A beginner's guide to video chatting in the age of physical distancing

How is social isolation treating you? Maybe you're missing your best friend's face. All it takes is a little bit of equipment and a little bit of tech know-how to make a video call happen.

A rundown on the most popular video chat options out there right now

Samanda Brace and her seven-year-old niece use Skype to communicate. (Samanda Brace/CBC News)

In these physically isolating times, it can be nice to see a friendly face.

Video chatting is a pretty good option when you're trying to keep physical distance.

But where to get started if you aren't familiar with the technology?

CBC Saskatoon Morning explored the options with experts and did a bit of field testing to help you out.

Know what's already in your hand

Most people who have a cellphone already have video-chatting apps, whether they know it or not.

If you have an iPhone, you already have FaceTime and can make a video call with other Apple phone users.

If you have Google set up on your phone, you likely already have Google Duo.

You will need to check with the person or people you want to talk to about what they have. For example, if you're an Android user and they're an iPhone user, Facetime won't work.

Before downloading a new app, check to see if you already have an app on your phone that will work for all parties. For example, Facebook Messenger and WhatsApp have video call options (although WhatsApp only works for one-on-one conversations).

The pros for all of these, if your fellow chatters already have them, are that they're already installed so you don't need to download a new app. Plus they're easy to use.

Most work well with small video chats, say six or less people, but keep in mind that the more people on a call, the smaller their faces will appear.

Cellphone, laptop or desktop?

Cellphones are convenient for the aforementioned reasons.

Laptops are another good option. Anyone with Facebook or Google can use Facebook Messenger or Google Hangouts without needing to download any programs. All they need is to log in.

Desktops require a bit more equipment. You'll need a plan for how to get your image and sound out to your fellow video callers. Do you have a webcam? Do you have something with a microphone for sound? Keep in mind that you'll be tied to one place instead of having the mobility of a laptop or cellphone.

CBC's Samanda Brace and Alex Soloducha have modified their hangouts with Sarah Soloducha during the current advisements on physical distancing. (Samanda Brace/CBC News)

Pick a program

Once you've made up your mind on whether to use a cellphone, laptop or desktop, you'll need to pick a program.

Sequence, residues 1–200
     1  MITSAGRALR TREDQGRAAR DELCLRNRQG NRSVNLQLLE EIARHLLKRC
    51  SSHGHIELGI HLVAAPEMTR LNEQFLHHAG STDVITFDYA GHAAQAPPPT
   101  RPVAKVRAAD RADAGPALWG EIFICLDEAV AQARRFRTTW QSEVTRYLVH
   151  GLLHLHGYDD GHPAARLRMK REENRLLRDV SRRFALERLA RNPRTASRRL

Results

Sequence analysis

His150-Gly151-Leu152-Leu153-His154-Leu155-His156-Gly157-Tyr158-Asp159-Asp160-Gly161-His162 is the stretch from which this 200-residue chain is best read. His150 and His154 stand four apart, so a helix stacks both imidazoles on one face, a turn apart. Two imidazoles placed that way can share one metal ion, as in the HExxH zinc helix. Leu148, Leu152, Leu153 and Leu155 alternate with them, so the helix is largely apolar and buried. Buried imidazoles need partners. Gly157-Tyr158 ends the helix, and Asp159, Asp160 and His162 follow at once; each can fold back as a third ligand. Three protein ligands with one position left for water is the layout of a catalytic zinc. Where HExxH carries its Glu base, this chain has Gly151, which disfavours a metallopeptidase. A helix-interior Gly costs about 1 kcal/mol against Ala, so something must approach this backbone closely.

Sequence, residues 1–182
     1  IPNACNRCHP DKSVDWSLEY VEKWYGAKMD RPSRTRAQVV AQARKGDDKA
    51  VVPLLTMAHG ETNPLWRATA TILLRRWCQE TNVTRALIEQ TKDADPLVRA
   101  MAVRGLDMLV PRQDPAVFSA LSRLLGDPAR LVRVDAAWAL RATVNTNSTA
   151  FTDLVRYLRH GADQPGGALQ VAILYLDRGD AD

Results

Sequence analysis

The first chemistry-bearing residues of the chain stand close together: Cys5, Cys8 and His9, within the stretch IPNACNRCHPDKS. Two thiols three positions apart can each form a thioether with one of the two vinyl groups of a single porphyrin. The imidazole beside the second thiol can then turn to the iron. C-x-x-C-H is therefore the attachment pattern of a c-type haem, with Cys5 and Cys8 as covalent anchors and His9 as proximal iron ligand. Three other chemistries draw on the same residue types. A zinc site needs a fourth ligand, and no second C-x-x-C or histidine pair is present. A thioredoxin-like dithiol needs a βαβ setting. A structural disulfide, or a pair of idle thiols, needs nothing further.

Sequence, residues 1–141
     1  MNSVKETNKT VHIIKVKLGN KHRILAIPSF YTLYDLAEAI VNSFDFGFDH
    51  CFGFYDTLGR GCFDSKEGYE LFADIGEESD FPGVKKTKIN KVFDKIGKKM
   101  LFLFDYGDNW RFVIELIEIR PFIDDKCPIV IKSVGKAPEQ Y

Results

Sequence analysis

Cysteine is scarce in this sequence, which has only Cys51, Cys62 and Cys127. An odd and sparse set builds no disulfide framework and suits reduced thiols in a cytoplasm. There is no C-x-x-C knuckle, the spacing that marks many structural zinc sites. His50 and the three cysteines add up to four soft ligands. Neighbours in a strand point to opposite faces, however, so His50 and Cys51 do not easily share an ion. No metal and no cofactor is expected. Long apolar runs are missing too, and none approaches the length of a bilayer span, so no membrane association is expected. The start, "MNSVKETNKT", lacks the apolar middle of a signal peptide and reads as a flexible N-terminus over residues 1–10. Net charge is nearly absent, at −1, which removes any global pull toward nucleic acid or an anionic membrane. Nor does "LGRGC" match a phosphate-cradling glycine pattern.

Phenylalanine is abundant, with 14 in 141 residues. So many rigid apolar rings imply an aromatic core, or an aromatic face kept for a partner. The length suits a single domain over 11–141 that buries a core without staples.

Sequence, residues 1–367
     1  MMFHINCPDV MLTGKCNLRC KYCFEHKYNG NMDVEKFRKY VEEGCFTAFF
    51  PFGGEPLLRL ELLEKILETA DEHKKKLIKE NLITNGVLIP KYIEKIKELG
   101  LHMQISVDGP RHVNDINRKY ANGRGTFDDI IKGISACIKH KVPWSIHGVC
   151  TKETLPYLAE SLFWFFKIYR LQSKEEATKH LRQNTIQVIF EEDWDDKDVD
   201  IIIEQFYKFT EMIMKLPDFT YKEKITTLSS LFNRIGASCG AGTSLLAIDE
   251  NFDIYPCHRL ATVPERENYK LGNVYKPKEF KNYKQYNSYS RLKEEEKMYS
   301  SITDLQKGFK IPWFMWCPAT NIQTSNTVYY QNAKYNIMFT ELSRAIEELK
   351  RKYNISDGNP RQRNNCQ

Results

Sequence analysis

If you are having a tough time finding one that everyone you want to chat with all has already, it's time to download something new.

Zoom is increasingly popular right now, with more than 600,000 new downloads worldwide on Sunday, according to Apptopia.

Briana Brownell runs a tech company in Saskatoon, and while she started using Zoom for work meetings, she says it's increasingly popular with her friends partly because it has a grid view for all participant's faces. They have dubbed it "Brady Bunch mode" because of its similarities to the TV show's title sequence.

The downside with Zoom is that free group meetings are limited to 40 minutes, otherwise you have to get pro for $20 a month.

Skype is one of the original video-calling programs and, while it is still out there, Brownell said it hasn't kept pace with newer companies that have less video lag and better resolution for video.

There are many other programs out there, but those are the main ones for Brownell.

How to plan a video call:

  • Pick an app or program to use beforehand with your loved ones.
  • Make sure you have it downloaded before the planned call time.
  • Cellphone/laptop checklist:
    • Have a charger handy in case your phone/laptop starts dying mid-call.
    • If you plan a long call, have a spot to rest your phone so you don't have to hold it up.
  • Desktop Checklist:
    • Do you have a webcam?
    • Do you have a microphone? (some headphones have built-in microphones).
    • Since you can't move around as easily as with a laptop or cellphone, do you have what you need nearby?

It might not always work the way you want it to

Technology doesn't always flow the way people want it to.

Brownell spent a long time living in a different city from her husband and they did weekly video chats.

She had some advice for newcomers to the video-chatting world:

"At the beginning it can be a little bit awkward. You're not really sure if the technology is working. Sometimes you have a lag on the call. Sometimes you have technical issues where the connection is funny and then all kinds of things can happen," she said.

"Those bumps are definitely normal and they're the kinds of things that once you kind of get used to it you just laugh off these technological glitches and you get more used to the technology and it can really bring you closer together with your family and friends."

Got the hang of it?

Once you're feeling comfortable and a bit more bold with your video-chatting capacity, there are a few perks to the programs you're already using and some new apps and video chatting platforms you may want to explore.


  • Some apps on your phone have filters which can prove to be quite entertaining.
  • Zoom has virtual backgrounds that you can add to switch things up.


  • This app allows you to do group video chat and play games like trivia.
  • You can pass along notes between each other if you don't want the rest of the chat knowing, and to mimic a house party it creates virtual "rooms" for people to chat in.

Marco Polo:

  • Send a video message to a friend who can check it and respond whenever they want.
  • Rather than being live, you are able to communicate by video at your convenience.